This Article will examine whether the expansion of required LRW courses into the realm of transactional drafting is justifiable. Part II will assess the need for required transactional drafting instruction by showing, empirically, that many students lack a disposition towards litigation or have an affirmative inclination towards non-litigation work. This Part includes both a quantitative and qualitative analysis of the issue: It includes a survey of nearly one-thousand first-year law students nationwide and a set of questions and responses from a number of law students who self-identified as future transactional lawyers but who were members of traditional litigation-centric LRW courses. Part III will establish that, despite a significant demand for transactional drafting instruction, law schools' curricula include inadequate numbers of such courses. Drawing on this research, Part IV argues that law schools should expand their required LRW courses, not necessarily in the first-year, to include additional training for both the future transactional lawyer and the future litigator. This Part describes several models of required LRW courses that would facilitate a more holistic approach to legal writing by implementing transactional skills training.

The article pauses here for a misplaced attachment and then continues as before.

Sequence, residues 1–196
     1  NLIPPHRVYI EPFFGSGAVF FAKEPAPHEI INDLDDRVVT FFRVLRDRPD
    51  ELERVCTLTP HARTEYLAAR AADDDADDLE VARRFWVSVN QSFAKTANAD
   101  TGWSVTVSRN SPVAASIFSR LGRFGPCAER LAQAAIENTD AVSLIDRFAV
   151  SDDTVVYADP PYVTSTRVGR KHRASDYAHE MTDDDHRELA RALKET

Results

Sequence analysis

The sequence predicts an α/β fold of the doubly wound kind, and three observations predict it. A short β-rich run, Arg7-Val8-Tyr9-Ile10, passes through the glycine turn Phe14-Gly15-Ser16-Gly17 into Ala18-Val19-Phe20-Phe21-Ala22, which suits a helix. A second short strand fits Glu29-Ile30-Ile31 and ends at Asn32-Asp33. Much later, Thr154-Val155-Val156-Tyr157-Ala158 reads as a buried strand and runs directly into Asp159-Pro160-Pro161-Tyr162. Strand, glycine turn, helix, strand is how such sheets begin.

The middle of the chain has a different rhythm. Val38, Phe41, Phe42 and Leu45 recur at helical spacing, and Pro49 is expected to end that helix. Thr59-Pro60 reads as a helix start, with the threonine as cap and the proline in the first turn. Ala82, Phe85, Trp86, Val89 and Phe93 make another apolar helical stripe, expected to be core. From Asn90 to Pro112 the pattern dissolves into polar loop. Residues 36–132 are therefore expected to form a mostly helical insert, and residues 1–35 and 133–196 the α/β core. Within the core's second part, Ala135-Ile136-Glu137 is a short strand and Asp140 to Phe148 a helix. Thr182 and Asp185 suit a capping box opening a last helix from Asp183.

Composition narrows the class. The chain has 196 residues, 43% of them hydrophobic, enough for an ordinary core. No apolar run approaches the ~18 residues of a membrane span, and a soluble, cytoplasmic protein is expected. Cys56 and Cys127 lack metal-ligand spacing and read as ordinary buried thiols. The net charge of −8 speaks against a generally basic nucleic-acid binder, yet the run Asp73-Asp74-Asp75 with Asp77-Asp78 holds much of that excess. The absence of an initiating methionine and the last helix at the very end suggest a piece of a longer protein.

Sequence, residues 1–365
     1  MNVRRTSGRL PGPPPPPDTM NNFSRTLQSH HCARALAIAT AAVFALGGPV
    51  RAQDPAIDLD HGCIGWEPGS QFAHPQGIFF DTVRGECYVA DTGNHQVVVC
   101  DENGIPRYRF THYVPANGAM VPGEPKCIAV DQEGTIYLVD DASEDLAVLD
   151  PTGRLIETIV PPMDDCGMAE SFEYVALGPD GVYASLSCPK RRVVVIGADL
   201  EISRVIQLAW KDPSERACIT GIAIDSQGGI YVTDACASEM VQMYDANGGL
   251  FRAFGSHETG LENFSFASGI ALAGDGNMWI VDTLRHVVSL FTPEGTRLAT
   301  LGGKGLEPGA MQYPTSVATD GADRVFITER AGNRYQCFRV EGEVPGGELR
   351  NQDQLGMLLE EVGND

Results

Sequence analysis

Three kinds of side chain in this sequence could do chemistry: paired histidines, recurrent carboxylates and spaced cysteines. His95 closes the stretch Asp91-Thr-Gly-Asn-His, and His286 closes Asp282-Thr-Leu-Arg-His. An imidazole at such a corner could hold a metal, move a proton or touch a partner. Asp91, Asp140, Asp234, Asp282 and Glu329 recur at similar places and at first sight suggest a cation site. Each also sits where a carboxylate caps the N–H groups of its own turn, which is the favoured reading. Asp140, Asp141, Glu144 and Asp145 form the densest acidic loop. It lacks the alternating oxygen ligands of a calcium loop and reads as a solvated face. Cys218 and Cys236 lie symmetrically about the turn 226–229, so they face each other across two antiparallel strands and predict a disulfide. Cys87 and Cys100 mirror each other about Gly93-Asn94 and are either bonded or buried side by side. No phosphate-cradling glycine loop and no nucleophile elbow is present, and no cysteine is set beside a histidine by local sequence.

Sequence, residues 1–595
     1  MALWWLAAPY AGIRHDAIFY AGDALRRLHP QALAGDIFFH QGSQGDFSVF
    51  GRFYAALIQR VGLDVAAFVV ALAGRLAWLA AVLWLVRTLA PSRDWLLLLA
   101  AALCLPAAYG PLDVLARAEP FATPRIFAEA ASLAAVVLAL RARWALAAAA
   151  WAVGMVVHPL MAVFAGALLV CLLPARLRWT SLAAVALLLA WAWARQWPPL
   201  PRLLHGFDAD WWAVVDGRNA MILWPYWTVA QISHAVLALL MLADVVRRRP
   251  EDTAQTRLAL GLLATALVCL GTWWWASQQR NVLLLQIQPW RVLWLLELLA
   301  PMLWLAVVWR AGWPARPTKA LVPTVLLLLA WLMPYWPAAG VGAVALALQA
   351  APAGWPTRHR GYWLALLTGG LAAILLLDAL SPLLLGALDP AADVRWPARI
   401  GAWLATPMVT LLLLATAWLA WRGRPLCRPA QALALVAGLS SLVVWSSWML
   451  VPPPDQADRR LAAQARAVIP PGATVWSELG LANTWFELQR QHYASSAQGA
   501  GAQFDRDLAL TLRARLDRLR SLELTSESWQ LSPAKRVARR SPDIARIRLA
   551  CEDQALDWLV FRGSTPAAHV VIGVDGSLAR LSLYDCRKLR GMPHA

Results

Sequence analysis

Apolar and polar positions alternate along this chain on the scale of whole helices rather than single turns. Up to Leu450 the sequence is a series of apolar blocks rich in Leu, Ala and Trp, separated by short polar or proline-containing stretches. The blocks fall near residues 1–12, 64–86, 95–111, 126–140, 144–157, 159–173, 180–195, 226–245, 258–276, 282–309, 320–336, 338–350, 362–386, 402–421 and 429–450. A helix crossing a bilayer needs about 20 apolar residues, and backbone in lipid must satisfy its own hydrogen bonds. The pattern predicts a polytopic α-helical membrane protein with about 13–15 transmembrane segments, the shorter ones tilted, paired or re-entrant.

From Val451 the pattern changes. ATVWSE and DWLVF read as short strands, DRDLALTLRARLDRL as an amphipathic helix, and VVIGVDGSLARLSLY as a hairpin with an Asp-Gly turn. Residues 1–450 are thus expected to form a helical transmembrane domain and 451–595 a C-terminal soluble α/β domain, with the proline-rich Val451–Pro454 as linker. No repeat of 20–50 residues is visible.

Louis N. Schulze Jr.,
Transactional Law in the Required Legal Writing Curriculum: An Empirical Study of the Forgotten Future Business Lawyer,
55 Clev. St. L. Rev.
available at http://engagedscholarship.csuohio.edu/clevstlrev/vol55/iss1/5